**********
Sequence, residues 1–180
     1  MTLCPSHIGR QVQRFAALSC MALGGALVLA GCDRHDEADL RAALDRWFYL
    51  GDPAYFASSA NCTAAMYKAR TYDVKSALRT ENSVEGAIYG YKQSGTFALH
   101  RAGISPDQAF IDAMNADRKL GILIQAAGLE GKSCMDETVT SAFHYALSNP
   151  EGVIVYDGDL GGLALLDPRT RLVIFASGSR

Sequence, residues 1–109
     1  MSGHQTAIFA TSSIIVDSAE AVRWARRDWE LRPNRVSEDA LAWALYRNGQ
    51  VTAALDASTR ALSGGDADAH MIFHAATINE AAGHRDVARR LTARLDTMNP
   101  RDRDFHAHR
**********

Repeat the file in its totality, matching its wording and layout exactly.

Sequence, residues 1–180
     1  MTLCPSHIGR QVQRFAALSC MALGGALVLA GCDRHDEADL RAALDRWFYL
    51  GDPAYFASSA NCTAAMYKAR TYDVKSALRT ENSVEGAIYG YKQSGTFALH
   101  RAGISPDQAF IDAMNADRKL GILIQAAGLE GKSCMDETVT SAFHYALSNP
   151  EGVIVYDGDL GGLALLDPRT RLVIFASGSR

Sequence, residues 1–109
     1  MSGHQTAIFA TSSIIVDSAE AVRWARRDWE LRPNRVSEDA LAWALYRNGQ
    51  VTAALDASTR ALSGGDADAH MIFHAATINE AAGHRDVARR LTARLDTMNP
   101  RDRDFHAHR